So somehow it is the opposite of “throttling”.

    Nap.

  7. RE: Napalm
    It still doesn’t work in a modern Web 2.0 world. Say you had to download a big security update or use a lot of Web 2.0 applications. Rogers is promoting yet another gimmick.


  8. @Eric: “Say you had to download a big security update or use a lot of Web 2.0 applications.”

    You’re talking enterprise applications while this is about residential internet.

    No it won’t help you with Windows 7 SP1 (it’s a 2GB download lol) but for casual web browsing it improves everyone’s experience regardless of their internet plan. I guess that the “Lite” subscribers would particularly pleased.

    OTOH this is “traffic management” done the intelligent way. We both know that there are 2 main ways of chocking a router: trying to pump more data than its bandwidth; and trying to open more simultaneous connections than it can handle. Serving short lived spurious connections (web traffic) as fast as you can is definitely helping with the later. And very pleasing to your customers too. So what’s not to like?

    Nap.

  9. Robert Smits says:

    Need to separate carriage from content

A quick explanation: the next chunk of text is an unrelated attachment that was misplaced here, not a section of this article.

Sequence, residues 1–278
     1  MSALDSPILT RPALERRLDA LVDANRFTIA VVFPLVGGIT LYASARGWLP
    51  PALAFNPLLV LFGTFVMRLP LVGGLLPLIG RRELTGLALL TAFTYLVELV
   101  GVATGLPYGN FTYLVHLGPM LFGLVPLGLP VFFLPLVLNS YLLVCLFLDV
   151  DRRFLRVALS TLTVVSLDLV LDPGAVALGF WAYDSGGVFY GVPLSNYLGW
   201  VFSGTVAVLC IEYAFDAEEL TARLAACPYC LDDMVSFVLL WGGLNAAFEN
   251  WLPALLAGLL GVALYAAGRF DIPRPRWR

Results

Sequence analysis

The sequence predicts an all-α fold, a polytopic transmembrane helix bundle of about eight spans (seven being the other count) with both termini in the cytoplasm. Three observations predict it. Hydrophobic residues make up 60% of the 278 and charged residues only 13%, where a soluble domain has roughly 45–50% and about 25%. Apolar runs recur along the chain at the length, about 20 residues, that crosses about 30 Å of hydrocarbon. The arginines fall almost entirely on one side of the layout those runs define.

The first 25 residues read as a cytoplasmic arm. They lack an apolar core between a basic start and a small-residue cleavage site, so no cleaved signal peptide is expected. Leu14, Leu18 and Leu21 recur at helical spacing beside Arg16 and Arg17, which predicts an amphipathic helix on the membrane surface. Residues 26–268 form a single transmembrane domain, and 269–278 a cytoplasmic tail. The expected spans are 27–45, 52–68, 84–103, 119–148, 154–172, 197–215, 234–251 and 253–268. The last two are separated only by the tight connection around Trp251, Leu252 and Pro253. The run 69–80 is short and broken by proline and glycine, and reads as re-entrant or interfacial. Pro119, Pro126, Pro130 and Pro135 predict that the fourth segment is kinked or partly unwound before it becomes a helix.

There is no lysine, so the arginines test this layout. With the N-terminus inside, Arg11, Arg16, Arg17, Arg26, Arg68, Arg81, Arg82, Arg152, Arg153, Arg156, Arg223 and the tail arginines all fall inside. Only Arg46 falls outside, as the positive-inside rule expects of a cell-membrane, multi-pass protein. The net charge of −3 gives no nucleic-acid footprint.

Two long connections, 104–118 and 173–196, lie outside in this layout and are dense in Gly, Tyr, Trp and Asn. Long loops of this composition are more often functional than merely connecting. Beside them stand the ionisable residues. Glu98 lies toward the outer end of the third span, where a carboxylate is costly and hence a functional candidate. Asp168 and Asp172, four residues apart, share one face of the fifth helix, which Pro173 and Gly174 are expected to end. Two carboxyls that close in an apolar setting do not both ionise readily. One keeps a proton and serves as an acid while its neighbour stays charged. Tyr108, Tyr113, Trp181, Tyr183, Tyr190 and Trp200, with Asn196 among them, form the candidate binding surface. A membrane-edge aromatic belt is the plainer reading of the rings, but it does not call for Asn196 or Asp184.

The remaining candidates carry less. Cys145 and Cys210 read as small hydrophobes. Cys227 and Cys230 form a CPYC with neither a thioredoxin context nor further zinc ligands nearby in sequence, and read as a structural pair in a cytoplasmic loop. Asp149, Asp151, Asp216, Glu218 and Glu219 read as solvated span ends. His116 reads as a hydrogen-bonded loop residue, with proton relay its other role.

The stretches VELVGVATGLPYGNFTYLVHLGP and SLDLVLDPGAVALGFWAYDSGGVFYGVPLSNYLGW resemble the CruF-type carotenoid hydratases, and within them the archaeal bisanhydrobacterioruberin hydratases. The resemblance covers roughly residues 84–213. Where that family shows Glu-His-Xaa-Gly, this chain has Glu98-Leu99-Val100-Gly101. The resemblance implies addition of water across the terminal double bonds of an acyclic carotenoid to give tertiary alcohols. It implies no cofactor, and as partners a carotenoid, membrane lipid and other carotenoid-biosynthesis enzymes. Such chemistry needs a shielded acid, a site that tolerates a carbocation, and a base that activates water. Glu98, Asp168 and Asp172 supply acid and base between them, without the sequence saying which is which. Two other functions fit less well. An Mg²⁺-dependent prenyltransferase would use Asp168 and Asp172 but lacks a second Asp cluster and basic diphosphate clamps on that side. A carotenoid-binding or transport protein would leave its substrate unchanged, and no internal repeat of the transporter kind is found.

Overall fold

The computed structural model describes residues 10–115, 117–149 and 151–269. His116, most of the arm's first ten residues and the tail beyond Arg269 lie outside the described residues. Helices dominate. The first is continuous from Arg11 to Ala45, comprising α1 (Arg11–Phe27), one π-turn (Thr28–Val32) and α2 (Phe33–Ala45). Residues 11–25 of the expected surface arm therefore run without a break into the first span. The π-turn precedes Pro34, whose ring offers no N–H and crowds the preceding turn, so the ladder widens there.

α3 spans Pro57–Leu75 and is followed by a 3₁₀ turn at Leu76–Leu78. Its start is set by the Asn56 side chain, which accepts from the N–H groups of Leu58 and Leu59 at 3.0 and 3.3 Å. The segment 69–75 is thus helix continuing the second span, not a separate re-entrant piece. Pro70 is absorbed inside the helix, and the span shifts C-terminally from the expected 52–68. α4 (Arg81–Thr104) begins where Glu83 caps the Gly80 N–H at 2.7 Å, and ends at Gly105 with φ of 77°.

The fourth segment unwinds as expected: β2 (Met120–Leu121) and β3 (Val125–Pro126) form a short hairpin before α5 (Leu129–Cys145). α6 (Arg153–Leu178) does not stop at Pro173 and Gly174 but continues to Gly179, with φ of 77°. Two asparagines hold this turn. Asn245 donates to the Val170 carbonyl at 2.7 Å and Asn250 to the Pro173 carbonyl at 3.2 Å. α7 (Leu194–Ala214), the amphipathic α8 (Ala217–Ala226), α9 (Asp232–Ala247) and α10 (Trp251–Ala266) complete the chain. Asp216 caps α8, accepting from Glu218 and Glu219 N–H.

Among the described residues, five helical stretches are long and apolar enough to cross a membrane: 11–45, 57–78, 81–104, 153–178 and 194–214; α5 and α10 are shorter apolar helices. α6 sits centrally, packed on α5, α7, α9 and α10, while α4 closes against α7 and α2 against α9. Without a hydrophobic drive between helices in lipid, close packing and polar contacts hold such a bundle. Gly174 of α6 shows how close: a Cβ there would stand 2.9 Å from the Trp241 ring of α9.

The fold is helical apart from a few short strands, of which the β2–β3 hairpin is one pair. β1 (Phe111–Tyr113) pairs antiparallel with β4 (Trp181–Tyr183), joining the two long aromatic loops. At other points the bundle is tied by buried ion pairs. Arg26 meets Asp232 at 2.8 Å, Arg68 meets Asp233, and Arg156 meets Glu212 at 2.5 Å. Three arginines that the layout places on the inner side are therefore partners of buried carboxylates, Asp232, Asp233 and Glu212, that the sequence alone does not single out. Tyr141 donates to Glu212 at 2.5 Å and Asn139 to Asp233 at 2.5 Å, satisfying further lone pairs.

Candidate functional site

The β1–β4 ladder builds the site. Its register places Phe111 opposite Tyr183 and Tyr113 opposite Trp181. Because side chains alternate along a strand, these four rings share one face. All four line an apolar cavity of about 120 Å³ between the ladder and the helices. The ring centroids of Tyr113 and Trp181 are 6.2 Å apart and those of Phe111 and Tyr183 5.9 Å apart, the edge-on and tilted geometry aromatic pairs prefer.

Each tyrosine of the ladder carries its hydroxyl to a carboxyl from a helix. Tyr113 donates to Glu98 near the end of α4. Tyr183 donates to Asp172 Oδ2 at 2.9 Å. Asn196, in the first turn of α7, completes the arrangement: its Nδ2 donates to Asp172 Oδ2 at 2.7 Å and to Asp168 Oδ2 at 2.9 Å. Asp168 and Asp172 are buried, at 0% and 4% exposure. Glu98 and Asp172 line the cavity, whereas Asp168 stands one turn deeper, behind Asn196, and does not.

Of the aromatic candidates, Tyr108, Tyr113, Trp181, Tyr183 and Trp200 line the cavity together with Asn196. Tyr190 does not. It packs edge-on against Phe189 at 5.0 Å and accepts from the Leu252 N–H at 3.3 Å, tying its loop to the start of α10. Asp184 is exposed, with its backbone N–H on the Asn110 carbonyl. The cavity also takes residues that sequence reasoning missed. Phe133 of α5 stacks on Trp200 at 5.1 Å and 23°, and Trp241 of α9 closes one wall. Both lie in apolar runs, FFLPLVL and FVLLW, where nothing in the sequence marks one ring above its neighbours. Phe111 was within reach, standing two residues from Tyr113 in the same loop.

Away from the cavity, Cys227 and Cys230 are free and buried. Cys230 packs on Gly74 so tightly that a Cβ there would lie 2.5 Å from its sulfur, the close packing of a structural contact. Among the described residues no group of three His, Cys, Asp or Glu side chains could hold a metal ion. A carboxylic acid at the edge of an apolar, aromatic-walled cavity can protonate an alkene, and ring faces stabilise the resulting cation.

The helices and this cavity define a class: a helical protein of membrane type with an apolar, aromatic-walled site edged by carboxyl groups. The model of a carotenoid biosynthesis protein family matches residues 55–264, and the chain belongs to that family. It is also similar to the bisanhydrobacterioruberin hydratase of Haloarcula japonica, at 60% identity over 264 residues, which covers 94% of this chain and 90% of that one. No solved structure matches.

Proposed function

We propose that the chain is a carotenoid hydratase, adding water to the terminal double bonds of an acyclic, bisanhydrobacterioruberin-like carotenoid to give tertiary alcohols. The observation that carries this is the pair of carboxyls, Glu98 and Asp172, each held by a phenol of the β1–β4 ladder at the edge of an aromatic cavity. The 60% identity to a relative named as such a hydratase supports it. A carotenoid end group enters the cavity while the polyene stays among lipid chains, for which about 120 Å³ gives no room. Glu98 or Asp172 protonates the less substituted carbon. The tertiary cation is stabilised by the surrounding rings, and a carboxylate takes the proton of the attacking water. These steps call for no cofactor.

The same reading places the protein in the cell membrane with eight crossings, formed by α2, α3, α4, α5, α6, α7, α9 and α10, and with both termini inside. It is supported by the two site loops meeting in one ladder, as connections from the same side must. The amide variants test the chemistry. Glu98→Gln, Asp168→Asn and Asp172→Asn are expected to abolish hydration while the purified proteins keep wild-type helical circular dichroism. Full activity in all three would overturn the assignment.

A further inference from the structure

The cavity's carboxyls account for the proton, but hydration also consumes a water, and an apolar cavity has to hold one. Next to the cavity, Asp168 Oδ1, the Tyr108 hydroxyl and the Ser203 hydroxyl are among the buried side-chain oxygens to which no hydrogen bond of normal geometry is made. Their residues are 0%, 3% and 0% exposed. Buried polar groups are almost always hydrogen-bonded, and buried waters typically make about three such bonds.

None of this is going to change until we separate carriage of information – whether it is cable, internet access, or whatever – from content. As long as you have the carrier having a vested interest in prioritizing some content at the expense of others we’re going to have problems.

    It’s high time to separate the two – carriers to deliver information – with no price differential between cable, voip, internet.

  10. Re: separating carriage from content — yup.
    Robert Smits has nailed this one. The main problem here isn’t who paid for building out most of the telco’s infrastructure (In Bell’s case, mostly taxpayers), congestion on the backbones, low real cost of delivering bits, but simply the conflicted interests of the incumbents.

    Bell and Rogers can not deliver new media and legally available content (TV, interactive entertainment, movies on demand from iTunes, etc) that consumers are increasingly demanding without destroying their own late 20th century business revenue model. Of course not. Anyone who claims this issue relates to anything but this is missing the obvious.

    And with the CRTC being “staffed” with former and current Bell and Rogers employees, and certainly maintaining cordial working relationships with the top brass at those companies (round of golf at my private club, anyone?), this attitude won’t change.

    Bell and Rogers are going to be dragged into the 21st century one way or another. They can come kicking and screaming makes fools of themselves as they try to cling to business models which will inevitably change, or they could INNOVATE and figure out how to deliver this new media model competitively to us and make piles of cash doing it. I suspect it’ll take newcomers who are willing to deliver only the content (out there already) or carriage that makes the difference in this fight.

    Holding onto outdated business models and assuming the world will simply stop changing is not the right long-term attitude for either Bell or Rogers. Get moving, or die.